This will eventually become a complete guide to clubs. For the moment though, here is some essential information about them, for owners and for members both.
The advantages of joining a club
For most people the biggest advantage is being able to have a store. You can sell items, mobla, horses, or offer stud services, and this allows you to make quite a bit of money if you price your wares right.
Another advantage is having other club members to talk to and do events with, everything from competitions to beauty shows to Essence hunts. This varies widely from club to club, but usually clubs are pretty up front about whether they have a lot of events or not.
You can also take part in auctions, and can restrict that auction to other club members if you like.
If you are a Gold ranked member, you can have a ranch that is within 1.5 kilometers of the club. Silver ranked members can hold competitions if courses have been built.
The Drawbacks of joining a club
You can only join one club at a time. Also, many clubs have dues, usually a certain amount of gold, wood or stone per active game day. Some clubs are sticklers for that, others just ask that you contribute as you can.
Clubs can pick a percentage of gold dust to add on to your store prices, and that money goes straight to the club. Same goes for trainers etc. It’s better to pick a club with a low markup because then your prices will be lower and you’ll get more sales.
For example, my club has a 5% markup so if someone buys an item for 1000 gold dust, it will cost 1050. On the other hand, another club I knew had a 50% markup, so that same item would have cost 1500 gold dust. No thanks!
If you leave a club, you get 40% of your gold, stone, or wood back, up to the amount you can currently carry.
Buying your own club
First of all, it costs $80 US to buy a club, or the equivalent amount of Mobla. That money goes straight into supporting the game, and you own that club forever. You can only have one.
Once you have enough Mobla either purchased from other players in game, or bought with real money, you can buy your club. At that point you are just reserving your name.
Next, travel around the world until you find the perfect spot. Make sure you really like it because you can’t move or delete a club. It’s best if the spot is relatively flat so it’s easy to build on, and is close to various useful biomes. For example, mine is in Deep Jungle, but is close to Open Jungle, Wondershrooms, Mountains, and Geysers. It was founded in a spot that had a naturally open area surrounded by trees, with a couple of useful paths leading away from it.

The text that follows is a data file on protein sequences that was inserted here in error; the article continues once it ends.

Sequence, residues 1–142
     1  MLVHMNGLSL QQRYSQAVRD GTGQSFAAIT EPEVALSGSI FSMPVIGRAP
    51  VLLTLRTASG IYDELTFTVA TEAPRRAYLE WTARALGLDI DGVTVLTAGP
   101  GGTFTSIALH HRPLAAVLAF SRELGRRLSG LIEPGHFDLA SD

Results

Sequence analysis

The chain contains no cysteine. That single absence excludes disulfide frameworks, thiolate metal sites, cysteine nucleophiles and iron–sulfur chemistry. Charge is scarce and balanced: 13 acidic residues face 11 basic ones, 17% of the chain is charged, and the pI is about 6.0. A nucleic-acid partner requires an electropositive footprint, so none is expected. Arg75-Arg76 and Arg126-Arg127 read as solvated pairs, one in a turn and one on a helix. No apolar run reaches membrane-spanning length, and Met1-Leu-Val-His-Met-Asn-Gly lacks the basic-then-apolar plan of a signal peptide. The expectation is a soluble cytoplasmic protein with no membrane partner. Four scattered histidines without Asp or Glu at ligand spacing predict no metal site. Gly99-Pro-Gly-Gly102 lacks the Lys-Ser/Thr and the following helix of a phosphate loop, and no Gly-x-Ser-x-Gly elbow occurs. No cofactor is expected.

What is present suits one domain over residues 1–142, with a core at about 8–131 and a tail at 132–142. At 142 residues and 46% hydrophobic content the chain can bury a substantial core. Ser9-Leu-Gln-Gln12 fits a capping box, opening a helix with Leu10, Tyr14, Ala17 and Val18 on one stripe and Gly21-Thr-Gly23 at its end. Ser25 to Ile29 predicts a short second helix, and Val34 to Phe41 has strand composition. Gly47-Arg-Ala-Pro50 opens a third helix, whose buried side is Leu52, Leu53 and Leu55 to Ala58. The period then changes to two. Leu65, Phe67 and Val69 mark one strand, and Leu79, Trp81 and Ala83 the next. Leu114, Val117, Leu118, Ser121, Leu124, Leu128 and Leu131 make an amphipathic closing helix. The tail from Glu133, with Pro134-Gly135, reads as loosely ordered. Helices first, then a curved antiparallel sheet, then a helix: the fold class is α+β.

At this point I have many buildings and that whole place is surrounded with cool stuff. I’ll be adding decor fairly soon too. That tiny little building is the Club House, which is the first building that needs to go up.
When you first start out, you can only have five club members including yourself, so try and find people who are motivated to donate to the club. After all, the more donations there are, the more amenities there are, and the better it is for everyone.
Tips for making a great club
Have a plan in advance. Take a really good look at the area you have chosen and think about what buildings you want. For every club level you have, you get five building spots, though club stores don’t count towards that total. Think about what most people use a club for and set those buildings up first.
For example, my club started out with a horse trader, a breed identifier, a trainer for speed, some club stores, and an importer so we can get things like iron, wool, and garden seeds. I built up from there and I also asked my clubbies what they would find most useful.
Pick a good color scheme. Whether the color scheme is meant to be tasteful or wild, put some thought into it. I’d be more likely to spend time in a club I liked the look of, then stick around in a place that was all black and hot pink, for example, with low contrast store signs.
Have fun with profiles. Some stores allow you to put up a profile, which is short but still enough to put in a few sentences. I chose to describe what each shopkeeper looked like and I think it adds something to the club village.
Think of creative club amenities. Horse Isle 3 allows for some flexibility in thought, so I’ve used that to enhance things for my members and visitors. For example, I bought a land parcel as close as possible to my ranch, and made sure one of the paths led to it. I built a breeding barn there, which is a structure anyone can use, then put a lamp post near it, and put up a sign in the club letting people know where it was. That way it’s something useful for visitors but isn’t a pre-designed, official club amenity.
Consider lighting. It gets pretty dark during our ten minutes of night, so plan carefully when placing your lamp post.
Pick a theme and purpose. One club I know of found a club area on a mountainside and picked a Greek Mythology theme. My own club is supposed to be a village of friendly traders who live in the jungle. Others focus on breeding, or competitions. So if you know what you most like doing, and you have some special interest that can be turned into a theme, that will lead to a cohesive club that is a pleasure to come to, and return to again and again.
Name things! If you have names for various land forms around your club, use them. If you build a directional sign, for example, and want to point to a nearby mountain, you could say “this way to Blue Peak.” When setting destinations for your Wagon, you don’t have to list the destination plainly, like “plains biome” or “mesa and sandstone.” Why not make it immersive by listing them as “Sunlit Plains” or “Rattling Gulch.” Of course, if it’s really hard to guess, you may want to put a sign nearby explaining what everything actually is.